Mode of action

White spirit is a complex mixture of aliphatic, alicyclic and aromatic hydrocarbons, comprising over 200 compounds (Pfaffli et al., 1985; IPCS, 1996). With such solvent mixtures it is difficult to identify the causative agents of occupational diseases (Pedersen et al, 1980). From kinetic studies in humans, white spirit has a long redistribution phase, a large volume of distribution, slow total body clearance, and a long mean residence time (Pedersen et al., 1987). This means that even when exposure has ceased, adipose tissue continues to release white spirit into the blood, and hence the brain. Pedersen et al. (1987) suggested that this uninterrupted concentration of white spirit may be one of the explanations of the toxic encephalopathy reported after white spirit exposure (Arlien-Soborg et al., 1993).

All hydrocarbons may cause CNS depression, however the straight chain hydrocarbons that predominate in white spirit are poorly absorbed across the gastrointestinal tract. The aspiration toxicity of white spirit is due to the physical characteristics of the compound rather than any particular constituent. The risk of aspiration of a chemical depends upon its viscosity and surface tension. The lower the viscosity, the greater the penetration into the distal airway, and the lower the surface tension the more the product spreads across the lung tissue. White spirit has an extremely low viscosity that enables it to be easily aspirated into the lungs. Once in the lungs, small amounts of low viscosity material can spread over large portions of the pulmonary bed resulting in chemical pneumonitis.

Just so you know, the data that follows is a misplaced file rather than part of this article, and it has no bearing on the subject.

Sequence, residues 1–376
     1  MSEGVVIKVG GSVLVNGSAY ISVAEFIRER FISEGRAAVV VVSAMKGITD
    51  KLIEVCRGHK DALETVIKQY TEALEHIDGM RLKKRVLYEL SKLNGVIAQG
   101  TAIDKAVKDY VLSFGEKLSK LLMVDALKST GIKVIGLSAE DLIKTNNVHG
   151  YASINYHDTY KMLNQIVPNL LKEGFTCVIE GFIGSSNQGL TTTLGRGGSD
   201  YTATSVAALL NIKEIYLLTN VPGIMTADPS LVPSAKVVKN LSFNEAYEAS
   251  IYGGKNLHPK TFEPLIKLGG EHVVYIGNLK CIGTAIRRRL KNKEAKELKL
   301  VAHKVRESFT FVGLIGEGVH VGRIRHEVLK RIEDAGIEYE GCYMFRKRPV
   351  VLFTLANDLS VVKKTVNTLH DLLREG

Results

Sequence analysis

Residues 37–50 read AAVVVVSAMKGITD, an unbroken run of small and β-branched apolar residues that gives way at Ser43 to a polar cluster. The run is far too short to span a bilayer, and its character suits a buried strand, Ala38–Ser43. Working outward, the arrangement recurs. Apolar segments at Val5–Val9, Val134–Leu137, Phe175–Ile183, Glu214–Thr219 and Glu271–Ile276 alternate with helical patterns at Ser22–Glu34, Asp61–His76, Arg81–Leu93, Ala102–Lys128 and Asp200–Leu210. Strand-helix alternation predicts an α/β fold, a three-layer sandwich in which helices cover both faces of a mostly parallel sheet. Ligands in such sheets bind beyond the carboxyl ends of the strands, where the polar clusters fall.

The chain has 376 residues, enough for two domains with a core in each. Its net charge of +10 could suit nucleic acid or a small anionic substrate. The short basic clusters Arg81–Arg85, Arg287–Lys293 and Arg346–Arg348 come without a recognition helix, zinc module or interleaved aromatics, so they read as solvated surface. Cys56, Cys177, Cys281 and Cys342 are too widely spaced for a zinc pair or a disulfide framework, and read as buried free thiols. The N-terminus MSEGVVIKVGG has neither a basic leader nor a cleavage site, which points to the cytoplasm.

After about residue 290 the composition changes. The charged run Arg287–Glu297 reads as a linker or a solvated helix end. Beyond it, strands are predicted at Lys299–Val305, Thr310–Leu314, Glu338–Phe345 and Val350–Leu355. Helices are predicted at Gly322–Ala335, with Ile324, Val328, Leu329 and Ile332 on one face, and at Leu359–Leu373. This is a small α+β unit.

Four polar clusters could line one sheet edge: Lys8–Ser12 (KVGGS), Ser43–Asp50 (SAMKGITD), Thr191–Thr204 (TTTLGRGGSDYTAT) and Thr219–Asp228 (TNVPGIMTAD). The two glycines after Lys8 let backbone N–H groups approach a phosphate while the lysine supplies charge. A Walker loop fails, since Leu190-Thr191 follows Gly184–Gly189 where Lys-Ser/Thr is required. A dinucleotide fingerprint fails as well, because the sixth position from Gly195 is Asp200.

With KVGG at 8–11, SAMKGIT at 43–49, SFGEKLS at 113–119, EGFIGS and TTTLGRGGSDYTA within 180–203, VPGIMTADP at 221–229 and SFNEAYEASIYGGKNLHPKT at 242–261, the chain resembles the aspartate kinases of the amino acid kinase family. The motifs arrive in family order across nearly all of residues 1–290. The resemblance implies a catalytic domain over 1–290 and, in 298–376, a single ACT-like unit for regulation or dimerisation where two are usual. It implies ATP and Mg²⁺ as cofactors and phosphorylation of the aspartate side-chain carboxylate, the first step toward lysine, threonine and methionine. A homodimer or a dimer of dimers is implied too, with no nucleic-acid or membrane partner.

Metabolism of the small percentage of polyaromatic hydrocarbons (e.g., benzene and naphthalene) in white spirit may produce active metabolites. Benzene is metabolised to reactive benzoquinones (IPCS, 1996) and 1,4-benzoquinone, for example, has been shown to inhibit topoisomerase II (Chen and Eastmond, 1995). Topoisomerase II is believed to play a role in genomic stability, and interference with topoisomerase II activity at critical stages of the cell cycle could cause chromosome breakage, aneuploidy or cell death (Chen and Eastmond, 1995).

Cumulative oxidative damage may be an underlying mechanism of white spirit induced neurotoxicity (Lam et al. 1994; Bondy et al., 1995). Following inhalation exposure of rats to white spirit (14-21% aromatic hydrocarbons) there was depression of glutamine synthetase concentrations in the P2 fraction of the liver and kidney. This suggested that prolonged inhalation of white spirit elevated pro-oxidant events in liver and kidney tissue (Bondy et al., 1995).

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